Naturally, there’s a whole range of techno-thrillers. At the lowest end, there’s the standard nice-but-unrewarding “Big Weapons, Terrorists, Explosions” plots, but it takes more than a few acronyms, nuclear weapons and middle-eastern villains to make a techno-thrillers. Moving out of Sturgeon’s 90%, we get authors like Tom Clancy, Dale Brown, Harold Coyle and Larry Bond, who write impeccable, believable 500-pages novels that read more like romanced histories of future wars than simple potboilers.

Or, should I say, used to write such novels. Clancy has moved on to other things: His three latest novels have been disappointing for a number of reasons, spin-off products are diluting the “Tom Clancy” trademark and his latest fiction has been steadily skewing toward the political rather than the military end of the techno-thriller spectrum. Harold Coyle’s two latest novels have been about the Civil War. Bond and Brown’s latest offerings are markedly duller than their predecessors.

Now here’s Eric L. Harry, with an invigorating novel of nuclear war between post-Cold War USA and Russia.

Arc Light begins with nuclear war. Barely a hundred pages in the novel, the deed is done: a limited nuclear strike has devastated both countries. While no major civilian centers are hit, the military capacity of each country is vitally wounded: one of the book’s subplots follows the ordeal of two servicemen stuck in a nuclear launch silo underneath a blast area. The two governments react differently: Russia toughs it out while the USA impeach their president. (Well… He did contribute somewhat to the war by telling the Chinese that Russia was about to attack them…)

The book goes on from there, topping even a big premise with ever-quirkier plot twists. President Livingstone is judged by the senate, servicemen are called back into service, the USA invades Russia… It all leads to a good techno/military/political thriller. The blurb states that this is the most electrifying debut since Clancy’s The Hunt for Red October and while this hyperbole should be taken with a bucketful of salt, there is at least ground for comparison.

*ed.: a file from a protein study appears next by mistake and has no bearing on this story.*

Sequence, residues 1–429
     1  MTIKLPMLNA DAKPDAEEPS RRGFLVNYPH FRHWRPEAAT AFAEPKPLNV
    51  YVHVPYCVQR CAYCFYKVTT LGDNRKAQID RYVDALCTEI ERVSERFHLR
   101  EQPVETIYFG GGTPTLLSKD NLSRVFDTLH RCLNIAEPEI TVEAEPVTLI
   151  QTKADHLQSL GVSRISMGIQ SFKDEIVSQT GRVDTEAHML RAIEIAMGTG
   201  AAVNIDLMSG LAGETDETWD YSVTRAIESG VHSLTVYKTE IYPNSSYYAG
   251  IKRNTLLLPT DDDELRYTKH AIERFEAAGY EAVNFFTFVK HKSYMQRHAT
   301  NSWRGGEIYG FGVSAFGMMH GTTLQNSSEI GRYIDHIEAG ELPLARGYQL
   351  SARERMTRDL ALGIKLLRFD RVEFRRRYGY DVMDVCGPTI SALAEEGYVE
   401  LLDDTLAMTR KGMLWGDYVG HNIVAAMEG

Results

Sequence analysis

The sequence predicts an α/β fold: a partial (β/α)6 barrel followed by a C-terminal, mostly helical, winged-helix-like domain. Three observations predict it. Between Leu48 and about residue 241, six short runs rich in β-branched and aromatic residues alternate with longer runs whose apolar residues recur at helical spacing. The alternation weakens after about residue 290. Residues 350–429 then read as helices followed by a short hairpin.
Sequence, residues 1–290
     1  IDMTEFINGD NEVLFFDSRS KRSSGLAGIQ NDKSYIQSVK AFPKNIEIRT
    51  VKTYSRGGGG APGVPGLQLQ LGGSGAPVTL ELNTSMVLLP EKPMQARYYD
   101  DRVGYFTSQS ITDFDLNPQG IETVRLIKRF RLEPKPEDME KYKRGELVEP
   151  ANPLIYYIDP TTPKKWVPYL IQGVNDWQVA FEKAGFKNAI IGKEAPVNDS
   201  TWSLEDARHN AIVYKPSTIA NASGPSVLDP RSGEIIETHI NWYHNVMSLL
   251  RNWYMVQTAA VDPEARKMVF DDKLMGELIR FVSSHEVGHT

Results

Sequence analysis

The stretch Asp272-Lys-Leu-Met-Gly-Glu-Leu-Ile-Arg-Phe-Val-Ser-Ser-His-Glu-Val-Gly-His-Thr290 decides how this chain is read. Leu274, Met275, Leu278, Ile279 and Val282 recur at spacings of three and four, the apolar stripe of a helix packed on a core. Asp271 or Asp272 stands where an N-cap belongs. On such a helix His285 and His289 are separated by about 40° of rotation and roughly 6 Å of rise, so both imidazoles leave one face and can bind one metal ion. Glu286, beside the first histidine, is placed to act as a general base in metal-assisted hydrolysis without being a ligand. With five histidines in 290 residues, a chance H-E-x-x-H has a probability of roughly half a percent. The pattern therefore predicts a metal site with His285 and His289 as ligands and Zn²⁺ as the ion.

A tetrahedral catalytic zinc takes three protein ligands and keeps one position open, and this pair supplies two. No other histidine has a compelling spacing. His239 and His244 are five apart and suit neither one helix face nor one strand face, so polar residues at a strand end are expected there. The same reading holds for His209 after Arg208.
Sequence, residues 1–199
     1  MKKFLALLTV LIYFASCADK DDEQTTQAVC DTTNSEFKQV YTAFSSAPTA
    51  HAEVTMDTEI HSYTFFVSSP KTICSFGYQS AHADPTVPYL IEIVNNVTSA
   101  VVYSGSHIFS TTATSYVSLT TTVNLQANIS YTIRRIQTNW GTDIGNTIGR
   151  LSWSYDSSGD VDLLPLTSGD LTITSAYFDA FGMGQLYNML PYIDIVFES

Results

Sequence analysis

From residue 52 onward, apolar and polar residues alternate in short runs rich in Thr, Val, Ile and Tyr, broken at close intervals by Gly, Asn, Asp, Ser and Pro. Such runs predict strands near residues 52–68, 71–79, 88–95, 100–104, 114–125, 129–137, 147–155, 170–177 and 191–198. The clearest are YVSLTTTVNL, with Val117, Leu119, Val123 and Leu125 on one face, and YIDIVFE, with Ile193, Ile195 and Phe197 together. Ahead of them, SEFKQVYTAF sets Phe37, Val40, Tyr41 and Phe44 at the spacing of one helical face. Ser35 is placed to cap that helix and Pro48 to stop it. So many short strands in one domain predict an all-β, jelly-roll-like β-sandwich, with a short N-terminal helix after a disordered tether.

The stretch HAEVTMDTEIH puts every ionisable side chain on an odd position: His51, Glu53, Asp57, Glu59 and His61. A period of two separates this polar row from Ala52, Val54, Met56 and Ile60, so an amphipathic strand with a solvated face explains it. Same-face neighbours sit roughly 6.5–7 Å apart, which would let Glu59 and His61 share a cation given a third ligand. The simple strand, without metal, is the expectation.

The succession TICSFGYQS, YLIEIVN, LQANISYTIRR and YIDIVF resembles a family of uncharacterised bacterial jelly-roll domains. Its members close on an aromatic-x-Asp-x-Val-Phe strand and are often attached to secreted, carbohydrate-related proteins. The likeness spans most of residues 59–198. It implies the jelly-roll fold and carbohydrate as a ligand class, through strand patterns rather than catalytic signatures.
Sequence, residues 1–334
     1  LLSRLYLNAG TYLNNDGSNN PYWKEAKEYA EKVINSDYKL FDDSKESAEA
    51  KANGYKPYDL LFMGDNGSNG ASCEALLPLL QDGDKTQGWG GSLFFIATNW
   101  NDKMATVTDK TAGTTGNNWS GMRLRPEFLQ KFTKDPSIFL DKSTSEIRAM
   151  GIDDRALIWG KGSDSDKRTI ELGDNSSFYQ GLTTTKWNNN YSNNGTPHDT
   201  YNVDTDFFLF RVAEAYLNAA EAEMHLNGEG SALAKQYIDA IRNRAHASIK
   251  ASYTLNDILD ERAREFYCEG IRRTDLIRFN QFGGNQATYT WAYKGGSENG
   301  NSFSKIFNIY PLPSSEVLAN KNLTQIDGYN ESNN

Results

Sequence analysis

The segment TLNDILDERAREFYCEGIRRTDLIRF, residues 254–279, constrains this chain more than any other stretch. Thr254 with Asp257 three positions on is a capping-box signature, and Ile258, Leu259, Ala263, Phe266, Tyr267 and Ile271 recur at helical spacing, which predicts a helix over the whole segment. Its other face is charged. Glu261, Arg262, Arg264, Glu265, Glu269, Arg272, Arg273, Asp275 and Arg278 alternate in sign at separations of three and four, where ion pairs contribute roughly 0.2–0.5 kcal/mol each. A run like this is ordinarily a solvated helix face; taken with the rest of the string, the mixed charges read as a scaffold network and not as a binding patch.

I was especially impressed by the human side of Harry’s novel, which oscillates between maudlin tearjerkers and scenes that just feel right. While the some scenes in the Melissa Chandler subplot are a bit too emotionally cheap, there’s terrific material in the scenes following the soldiers going to war. The variety of the viewpoints is also impressive: Harry doesn’t shy away from covering the action from different perspectives, from strictly military action to top-level political intrigue and espionage hijinks. The characterisation is good enough for the genre: it may not be particularly impressive, but at least it’s there. It helps that even the Russians antagonists are represented with some degree of nuance.

On the flip side, not all subplots are equally interesting and the conclusion is a bit disappointing, in no small part due to the way the author painted himself in a particular corner. A similar situation was handled somewhat better in Joe Weber’s Defcon One.

But overall, I was impressed and I think that most thriller fans will react in the same way. With his debut novel, Harry has already become an author to watch. His second book (Society of the Mind) is in stores now, and it seems to be pushing the techno-thriller genre in another direction, tackling issues about Artificial Intelligence. This type of material coming for a non-Science Fiction writer is always interesting to contemplate: you can be sure that I’ll take a look.